Ever had that moment when you’re in a group of people you don’t particularly connect with, and you’ve never felt more alone? Find yourself retreating to your bedroom more and more, so you can avoid social situations and be on our own? Or just prefer your own company to other people’s?
These scenarios can happen to anyone. Yet while planning some ‘me’ time in your diary can help you build resilience and feel emotionally robust, it’s when these tendencies for ‘alone time’ overshadow the impetus to socialise that issues can emerge. Increasing feelings of isolation when surrounded by friends or acquaintances – or a bigger preference to be on your own, to the exclusion of other people – can lead to bigger problems down the line. Even health problems, according to a recent study. Loneliness can be a bigger killer than obesity or smoking 20 a day. And don’t believe that feelings of social isolation are just for the elderly, either.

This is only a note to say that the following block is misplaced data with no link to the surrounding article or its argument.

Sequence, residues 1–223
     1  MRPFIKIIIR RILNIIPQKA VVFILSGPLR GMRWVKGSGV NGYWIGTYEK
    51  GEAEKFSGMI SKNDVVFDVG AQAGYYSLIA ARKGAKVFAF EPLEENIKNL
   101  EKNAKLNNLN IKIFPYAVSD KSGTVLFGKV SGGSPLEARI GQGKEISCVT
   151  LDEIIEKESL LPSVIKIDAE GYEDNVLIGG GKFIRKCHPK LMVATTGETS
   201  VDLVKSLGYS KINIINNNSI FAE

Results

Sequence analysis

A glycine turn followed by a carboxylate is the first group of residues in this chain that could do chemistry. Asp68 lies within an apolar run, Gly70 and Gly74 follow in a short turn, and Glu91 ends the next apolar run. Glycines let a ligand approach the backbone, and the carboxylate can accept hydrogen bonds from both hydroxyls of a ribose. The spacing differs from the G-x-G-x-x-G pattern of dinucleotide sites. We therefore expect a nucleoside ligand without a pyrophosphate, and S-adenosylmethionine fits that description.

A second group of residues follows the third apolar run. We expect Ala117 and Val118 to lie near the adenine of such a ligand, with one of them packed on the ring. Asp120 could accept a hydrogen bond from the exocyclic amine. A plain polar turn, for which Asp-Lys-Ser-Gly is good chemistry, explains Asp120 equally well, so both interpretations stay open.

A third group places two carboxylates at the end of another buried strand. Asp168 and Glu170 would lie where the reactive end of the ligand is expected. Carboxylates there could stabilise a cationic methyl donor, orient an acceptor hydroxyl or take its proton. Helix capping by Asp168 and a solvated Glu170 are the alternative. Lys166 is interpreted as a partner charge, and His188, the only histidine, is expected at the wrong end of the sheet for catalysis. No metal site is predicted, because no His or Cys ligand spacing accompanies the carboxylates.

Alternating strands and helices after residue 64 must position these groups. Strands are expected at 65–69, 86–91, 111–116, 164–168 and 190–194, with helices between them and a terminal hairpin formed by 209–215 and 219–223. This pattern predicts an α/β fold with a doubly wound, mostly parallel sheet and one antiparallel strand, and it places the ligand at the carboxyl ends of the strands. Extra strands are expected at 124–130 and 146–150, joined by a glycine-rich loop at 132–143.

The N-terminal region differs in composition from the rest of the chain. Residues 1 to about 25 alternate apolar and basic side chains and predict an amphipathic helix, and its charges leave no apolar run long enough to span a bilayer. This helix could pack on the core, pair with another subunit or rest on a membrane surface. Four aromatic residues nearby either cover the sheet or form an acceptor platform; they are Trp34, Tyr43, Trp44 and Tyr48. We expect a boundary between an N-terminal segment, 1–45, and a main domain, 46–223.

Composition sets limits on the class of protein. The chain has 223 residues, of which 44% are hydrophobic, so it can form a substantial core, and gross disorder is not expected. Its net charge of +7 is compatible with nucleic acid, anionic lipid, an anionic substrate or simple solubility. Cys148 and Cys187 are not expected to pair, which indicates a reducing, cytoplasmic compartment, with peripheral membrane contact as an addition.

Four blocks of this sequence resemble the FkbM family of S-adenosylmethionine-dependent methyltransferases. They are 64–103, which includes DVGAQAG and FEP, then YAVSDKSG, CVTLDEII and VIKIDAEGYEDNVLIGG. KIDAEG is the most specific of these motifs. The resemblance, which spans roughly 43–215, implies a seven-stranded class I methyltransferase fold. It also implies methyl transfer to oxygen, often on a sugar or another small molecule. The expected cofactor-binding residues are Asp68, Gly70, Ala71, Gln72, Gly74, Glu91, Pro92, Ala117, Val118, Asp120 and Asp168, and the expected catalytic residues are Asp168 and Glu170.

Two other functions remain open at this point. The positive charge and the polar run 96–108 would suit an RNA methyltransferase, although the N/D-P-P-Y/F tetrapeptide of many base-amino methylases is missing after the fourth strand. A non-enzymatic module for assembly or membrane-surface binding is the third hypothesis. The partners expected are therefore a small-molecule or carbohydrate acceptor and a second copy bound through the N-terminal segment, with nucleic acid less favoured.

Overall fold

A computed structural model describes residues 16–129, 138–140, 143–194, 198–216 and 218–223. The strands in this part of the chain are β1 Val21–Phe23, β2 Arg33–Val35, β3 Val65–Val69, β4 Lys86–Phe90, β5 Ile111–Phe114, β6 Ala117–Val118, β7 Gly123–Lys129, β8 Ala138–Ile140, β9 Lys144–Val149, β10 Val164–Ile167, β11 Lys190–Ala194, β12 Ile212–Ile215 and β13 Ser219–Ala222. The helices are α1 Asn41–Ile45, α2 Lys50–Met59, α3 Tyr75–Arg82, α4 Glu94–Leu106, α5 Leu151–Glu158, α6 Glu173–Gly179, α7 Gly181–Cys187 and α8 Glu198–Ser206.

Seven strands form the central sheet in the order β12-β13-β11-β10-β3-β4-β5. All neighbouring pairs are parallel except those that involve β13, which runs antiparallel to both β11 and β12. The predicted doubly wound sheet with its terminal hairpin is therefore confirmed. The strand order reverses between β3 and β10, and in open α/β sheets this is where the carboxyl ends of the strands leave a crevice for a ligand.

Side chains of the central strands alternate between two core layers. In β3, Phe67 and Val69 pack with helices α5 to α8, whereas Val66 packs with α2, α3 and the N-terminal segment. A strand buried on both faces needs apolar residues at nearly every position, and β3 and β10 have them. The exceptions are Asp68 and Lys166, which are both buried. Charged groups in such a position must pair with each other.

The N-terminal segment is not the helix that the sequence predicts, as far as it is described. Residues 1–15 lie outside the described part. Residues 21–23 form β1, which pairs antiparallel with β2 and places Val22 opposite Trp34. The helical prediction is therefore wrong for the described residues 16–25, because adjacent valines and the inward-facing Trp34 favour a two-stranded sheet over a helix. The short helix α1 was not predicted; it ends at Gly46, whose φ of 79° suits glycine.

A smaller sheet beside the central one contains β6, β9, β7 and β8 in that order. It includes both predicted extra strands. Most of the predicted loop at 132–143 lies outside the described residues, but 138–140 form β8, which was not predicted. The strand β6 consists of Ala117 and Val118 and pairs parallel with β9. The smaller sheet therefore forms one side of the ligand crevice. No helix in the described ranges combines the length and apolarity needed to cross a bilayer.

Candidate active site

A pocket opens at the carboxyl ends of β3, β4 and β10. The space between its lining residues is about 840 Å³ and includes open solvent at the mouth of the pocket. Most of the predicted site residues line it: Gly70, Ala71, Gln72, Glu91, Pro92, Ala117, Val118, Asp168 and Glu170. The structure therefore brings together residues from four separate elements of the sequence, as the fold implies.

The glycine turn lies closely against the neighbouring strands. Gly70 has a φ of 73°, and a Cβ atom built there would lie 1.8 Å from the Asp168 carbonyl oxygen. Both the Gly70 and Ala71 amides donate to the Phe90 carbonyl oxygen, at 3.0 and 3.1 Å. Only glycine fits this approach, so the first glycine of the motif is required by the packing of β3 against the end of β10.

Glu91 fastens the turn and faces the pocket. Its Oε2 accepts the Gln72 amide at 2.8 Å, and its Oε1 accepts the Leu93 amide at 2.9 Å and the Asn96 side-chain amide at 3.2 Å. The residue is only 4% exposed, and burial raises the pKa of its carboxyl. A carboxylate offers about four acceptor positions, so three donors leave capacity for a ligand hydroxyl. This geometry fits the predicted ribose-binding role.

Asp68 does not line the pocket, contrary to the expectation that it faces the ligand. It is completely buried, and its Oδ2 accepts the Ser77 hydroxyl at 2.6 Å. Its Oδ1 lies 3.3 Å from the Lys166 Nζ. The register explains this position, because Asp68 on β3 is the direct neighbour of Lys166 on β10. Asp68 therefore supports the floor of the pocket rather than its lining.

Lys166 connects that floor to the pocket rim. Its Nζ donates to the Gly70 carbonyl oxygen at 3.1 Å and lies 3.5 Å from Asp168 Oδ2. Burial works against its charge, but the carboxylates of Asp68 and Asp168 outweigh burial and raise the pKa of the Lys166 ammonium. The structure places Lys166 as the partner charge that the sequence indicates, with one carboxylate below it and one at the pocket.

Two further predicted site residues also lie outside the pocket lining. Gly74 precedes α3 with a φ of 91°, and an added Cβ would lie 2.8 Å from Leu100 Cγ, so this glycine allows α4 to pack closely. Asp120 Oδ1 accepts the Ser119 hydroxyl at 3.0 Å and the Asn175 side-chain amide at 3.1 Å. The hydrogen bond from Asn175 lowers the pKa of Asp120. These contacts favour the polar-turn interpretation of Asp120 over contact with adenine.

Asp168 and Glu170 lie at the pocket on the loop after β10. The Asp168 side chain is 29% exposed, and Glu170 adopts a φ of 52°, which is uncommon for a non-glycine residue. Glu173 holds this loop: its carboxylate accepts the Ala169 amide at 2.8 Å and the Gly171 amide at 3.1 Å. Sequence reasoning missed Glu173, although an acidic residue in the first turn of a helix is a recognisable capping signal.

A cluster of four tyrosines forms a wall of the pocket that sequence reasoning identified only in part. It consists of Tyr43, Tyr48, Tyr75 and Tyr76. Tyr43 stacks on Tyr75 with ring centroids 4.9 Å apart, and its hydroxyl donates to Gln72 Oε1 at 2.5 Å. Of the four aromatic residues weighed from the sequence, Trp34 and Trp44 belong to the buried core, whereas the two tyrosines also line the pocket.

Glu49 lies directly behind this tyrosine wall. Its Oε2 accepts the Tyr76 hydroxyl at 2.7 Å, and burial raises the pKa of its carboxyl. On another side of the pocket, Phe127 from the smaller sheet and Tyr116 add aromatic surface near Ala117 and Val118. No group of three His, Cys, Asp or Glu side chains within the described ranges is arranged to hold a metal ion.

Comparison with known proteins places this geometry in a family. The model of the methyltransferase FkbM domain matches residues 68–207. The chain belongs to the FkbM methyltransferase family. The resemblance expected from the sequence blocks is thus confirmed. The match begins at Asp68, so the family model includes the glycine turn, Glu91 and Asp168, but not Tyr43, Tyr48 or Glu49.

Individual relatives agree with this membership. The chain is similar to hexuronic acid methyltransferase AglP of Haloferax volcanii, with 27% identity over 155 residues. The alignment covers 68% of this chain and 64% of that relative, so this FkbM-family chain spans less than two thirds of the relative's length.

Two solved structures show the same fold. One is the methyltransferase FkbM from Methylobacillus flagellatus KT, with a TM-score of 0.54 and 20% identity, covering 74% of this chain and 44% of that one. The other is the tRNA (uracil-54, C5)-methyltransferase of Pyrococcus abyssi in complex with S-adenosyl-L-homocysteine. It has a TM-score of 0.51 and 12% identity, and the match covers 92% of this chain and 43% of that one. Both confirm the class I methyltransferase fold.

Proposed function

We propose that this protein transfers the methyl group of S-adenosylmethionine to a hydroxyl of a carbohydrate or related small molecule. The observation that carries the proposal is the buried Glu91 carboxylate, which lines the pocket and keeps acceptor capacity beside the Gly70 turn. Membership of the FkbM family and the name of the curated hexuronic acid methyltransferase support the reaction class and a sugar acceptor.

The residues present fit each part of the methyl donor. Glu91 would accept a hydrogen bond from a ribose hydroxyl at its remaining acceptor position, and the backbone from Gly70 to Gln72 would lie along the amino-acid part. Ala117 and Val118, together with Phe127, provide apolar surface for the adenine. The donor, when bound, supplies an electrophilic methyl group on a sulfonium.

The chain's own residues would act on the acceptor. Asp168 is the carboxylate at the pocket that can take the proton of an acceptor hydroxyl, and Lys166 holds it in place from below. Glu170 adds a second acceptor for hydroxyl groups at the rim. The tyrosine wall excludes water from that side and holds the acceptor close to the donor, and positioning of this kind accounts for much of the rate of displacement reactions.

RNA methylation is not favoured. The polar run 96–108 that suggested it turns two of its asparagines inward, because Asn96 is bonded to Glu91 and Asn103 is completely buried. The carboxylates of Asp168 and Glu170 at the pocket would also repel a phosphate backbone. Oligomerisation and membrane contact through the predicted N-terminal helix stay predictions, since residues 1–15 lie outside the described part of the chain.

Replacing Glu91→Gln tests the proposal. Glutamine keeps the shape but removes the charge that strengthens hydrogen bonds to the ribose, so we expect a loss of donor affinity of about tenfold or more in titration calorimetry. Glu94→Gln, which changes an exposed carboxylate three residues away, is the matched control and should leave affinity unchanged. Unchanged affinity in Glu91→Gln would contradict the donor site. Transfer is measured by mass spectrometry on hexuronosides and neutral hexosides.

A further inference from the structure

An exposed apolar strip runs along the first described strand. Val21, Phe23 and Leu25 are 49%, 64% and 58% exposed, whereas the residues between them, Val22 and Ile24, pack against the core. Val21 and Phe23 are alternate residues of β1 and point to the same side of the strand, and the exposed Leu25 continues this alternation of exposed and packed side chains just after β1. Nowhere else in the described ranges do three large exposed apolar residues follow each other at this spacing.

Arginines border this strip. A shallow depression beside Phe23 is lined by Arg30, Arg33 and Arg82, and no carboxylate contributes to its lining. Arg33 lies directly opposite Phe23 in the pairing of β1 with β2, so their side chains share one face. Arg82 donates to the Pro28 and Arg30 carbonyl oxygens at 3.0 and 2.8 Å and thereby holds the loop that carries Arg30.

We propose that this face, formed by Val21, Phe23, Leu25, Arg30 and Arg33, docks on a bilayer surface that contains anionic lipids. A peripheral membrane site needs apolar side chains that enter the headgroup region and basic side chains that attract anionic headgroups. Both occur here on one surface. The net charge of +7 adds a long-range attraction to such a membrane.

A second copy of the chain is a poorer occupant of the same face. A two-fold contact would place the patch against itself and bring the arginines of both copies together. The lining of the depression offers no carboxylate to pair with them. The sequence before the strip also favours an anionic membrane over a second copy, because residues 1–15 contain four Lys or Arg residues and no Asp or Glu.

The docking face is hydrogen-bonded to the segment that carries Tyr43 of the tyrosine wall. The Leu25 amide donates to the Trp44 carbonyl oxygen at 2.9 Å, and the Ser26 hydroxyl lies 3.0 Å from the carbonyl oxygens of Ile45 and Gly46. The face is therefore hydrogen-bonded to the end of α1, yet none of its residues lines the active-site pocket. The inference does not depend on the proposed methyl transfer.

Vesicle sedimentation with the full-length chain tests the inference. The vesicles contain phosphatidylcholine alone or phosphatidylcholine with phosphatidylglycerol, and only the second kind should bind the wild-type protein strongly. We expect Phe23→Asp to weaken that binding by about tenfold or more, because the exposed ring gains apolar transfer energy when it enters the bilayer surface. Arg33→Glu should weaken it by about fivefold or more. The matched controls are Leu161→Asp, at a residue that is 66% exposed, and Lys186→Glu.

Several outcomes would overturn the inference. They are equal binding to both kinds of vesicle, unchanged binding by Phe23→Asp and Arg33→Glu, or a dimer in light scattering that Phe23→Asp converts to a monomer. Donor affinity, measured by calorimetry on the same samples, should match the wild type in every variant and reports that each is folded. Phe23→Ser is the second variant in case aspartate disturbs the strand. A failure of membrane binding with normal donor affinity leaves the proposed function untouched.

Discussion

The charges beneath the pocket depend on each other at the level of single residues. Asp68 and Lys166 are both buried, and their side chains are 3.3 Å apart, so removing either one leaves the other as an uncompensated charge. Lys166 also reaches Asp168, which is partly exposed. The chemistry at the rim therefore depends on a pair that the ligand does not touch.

Research from Brigham Young University highlights the health worries for people who are lonely or socially isolated – and that means anyone of any age, size, culture or disposition. The obvious but often seemingly unachievable antidote to loneliness is to reach out to to others. Lead study author Julianne Holt-Lunstad says: “We need to start taking our social relationships more seriously.”
But how to reach out socially when you feel unable or unwilling to do so? Here are my five tips for starting to combat loneliness: (more…)